30 December 2005

COMMENT: On 2006, and Some Greatest Hits

Personally, 2005 has been a pretty damn good year, from a comics perspective. CBC's barely a year old, quickly evolving from being a total lark to something central to reformatting my writing chops post-poetry slam era. (Not surprisingly, the activist angle of my work has transitioned intact.) Plus, I went from contributing reviews and the occasional feature at Buzzscope, to taking over as their Senior Comics Editor and spearheading the upcoming relaunch. As a result, my pull list has expanded from primarily Marvel and DC offerings and the random indie-published license, to a pretty diverse range of material that's introduced me not just to some great work, but as importantly, to a great community of ambitious creators.

The Buzzscope Drink-up on Wednesday was a lot of fun, finally putting some faces to names, but there were two moments in particular that summed up the year for me. The first came near the end of the night, standing outside talking to Jason Rodriguez, Rich Watson and Jim Salicrup. Each is, or is about to become, a Buzzsco--ah, I mean, PopCultureShock columnist, and the energy between us as we talked about the site and the industry and where we saw things potentially going in 2006 was absolutely electric. The second came a little while later, while talking with Jenny Gonzalez (another new columnist) about how she got into comics, and a specific story about her work with an Aspie, translating his Yu-Gi-Oh!-influenced stories into comic book form. It reinforced my sense that there's way more to the big picture than the Diamond Top 300 and ill-conceived cutoff benchmarks.

I left Botanica at the end of the night with a similar buzz to what I'd felt nearly 8 years ago to the day, in that very same bar, when a bunch of poets from diverse backgrounds and styles bonded over drinks and debate and formed the foundation of what would later become a little bit louder, the poetry series I founded and ran from 1998-2001, before turning it over to the collective of artists who'd made it their home and have kept it running strong, on the verge of celebrating its 8th anniversary next Spring.

I have a pretty clear vision for where I want PopCultureShock: Comics to go and, similar to how I built a little bit louder (aka louderARTS) over the first two years, it hinges on bringing together a diverse mix of talent and giving them a personal stake in its success, instilling a sense of ownership over both their own contributions as well as the larger umbrella they share, while keeping a firm grip on the steering wheel myself and not losing sight of where I'm trying to go. The proverbial winds of change are blowing through the industry right now, and I think there's two potential directions things can go: a variation on the boom-and-bust 90s, led by Marvel & DC's increasing reliance on big events and sales-boosting gimmicks; or, a relative leveling of the playing field, as indies shift their focus from the direct market, developing new audiences and distribution models. The latter direction is as likely to be driven by Marvel & DC's recruiting of mainstream writers like King, Huston, Dickey and Meltzer as it is by the defection of Craig Thompson and FLIGHT to higher-profile mainstream publishers. The opportunities are there; the question is, which ones will people take advantage of?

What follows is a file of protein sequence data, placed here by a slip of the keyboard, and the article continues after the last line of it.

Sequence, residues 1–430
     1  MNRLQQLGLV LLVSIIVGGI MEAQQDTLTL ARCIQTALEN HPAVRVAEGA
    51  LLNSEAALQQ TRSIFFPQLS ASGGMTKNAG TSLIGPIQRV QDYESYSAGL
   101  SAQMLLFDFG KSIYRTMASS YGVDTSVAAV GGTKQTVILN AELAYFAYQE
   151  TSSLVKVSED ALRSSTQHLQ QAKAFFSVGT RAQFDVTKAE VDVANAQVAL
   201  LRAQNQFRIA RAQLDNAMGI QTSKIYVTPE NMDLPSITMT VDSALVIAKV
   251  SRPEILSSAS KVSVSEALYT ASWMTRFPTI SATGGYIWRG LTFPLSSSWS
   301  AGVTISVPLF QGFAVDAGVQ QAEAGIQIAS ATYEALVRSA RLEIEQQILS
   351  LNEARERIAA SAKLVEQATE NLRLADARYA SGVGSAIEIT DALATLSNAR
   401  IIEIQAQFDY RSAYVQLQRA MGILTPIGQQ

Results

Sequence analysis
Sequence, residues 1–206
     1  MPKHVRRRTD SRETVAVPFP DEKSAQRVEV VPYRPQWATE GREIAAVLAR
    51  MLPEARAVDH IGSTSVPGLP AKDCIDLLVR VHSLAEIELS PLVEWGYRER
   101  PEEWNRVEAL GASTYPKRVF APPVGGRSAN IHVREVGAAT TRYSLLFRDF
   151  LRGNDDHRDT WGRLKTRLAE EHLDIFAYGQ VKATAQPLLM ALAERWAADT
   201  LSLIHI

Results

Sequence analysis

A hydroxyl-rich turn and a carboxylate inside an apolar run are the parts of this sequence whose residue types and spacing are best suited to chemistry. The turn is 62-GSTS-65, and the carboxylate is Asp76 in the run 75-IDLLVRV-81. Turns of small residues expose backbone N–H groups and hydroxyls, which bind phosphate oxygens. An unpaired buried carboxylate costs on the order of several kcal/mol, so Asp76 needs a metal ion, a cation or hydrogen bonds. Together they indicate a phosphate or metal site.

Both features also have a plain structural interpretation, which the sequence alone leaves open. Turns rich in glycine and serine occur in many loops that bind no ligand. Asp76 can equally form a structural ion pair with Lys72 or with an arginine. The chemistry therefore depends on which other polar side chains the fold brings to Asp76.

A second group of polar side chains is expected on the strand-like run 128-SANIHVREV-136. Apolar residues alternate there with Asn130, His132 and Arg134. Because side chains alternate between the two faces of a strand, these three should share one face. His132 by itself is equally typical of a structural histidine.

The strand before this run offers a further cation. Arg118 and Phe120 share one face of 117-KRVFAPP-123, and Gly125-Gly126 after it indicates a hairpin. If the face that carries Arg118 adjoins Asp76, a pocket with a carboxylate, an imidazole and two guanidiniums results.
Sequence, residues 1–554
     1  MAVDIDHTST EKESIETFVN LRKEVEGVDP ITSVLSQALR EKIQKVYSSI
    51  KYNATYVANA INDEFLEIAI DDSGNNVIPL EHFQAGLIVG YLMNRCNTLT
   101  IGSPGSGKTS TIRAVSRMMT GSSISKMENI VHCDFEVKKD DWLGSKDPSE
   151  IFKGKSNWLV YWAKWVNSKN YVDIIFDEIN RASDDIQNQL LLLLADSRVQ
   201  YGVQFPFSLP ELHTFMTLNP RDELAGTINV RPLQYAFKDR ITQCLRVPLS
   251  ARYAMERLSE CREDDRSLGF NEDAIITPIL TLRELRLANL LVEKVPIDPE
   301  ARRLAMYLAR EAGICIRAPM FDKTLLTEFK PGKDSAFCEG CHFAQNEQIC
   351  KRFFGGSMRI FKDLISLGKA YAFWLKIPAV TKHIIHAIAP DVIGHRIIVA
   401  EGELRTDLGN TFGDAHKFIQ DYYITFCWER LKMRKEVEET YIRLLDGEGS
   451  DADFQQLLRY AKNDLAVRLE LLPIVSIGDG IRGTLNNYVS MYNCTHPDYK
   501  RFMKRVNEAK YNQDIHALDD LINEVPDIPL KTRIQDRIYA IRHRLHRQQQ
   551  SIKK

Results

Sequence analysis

One of the most encouraging signs is the burgeoning comics blogiverse, an extremely vocal minority with more potential power to influence the industry than it seemingly realizes. (Not coincidentally, it's where I've recruited the majority of PopCultureShock's new columnists!) There seems to be a generational shift out there, with many from the original wave of comics bloggers either "retired" or bemoaning the passing of the good old days. As a member of the new generation of bloggers, I roll my eyes at the sentiment and point to some of the great blogs I have listed in the left column here, as well as a few that I'm tracking in Bloglines but haven't yet made the jump. Fossen, Cunard, Donelson, Rodriguez, Addams, Overaker, Carter, Watson, Shrew, Zilla, Neilalien, Hibbs/Lester/McMillan...and several others, new and old, make me believe that there's something brewing out there that simply needs to be tapped into, molded and properly channeled in order to have a real impact on the industry.

And that's what I'm ultimately looking to do -- help bring about a change in the industry. Ambitious, yes, but you can't hit what you don't aim at.

PS: Get a jump on things and update your Buzzscope links to http://www.popcultureshock.com/comics ;-)

2005 Greatest Hits

November 2004: COMMENT: On Reloads and Relaunches
My first industry commentary.

December 2004: Review: Worldwatch #3
My first really negative review, which led to my first contact with the larger comicsverse, meeting Erech and Dabb, and soliciting my first interview for CBC.

January 2005: Indie Spotlight: January 2005
The beginnings of my expanded pull list, including my first review of Skyscrapers of the Midwest.

February 2005: Comment: Being Black in a Four-Color World
Still one of my favorite posts here, and one of the most-linked to as well. Overall, February was one of the best months here, with several interviews, my reintroduction to Image, and the most posts ever from my co-bloggers.

March 2005: Adopt a Comic: Win Elk's Run #1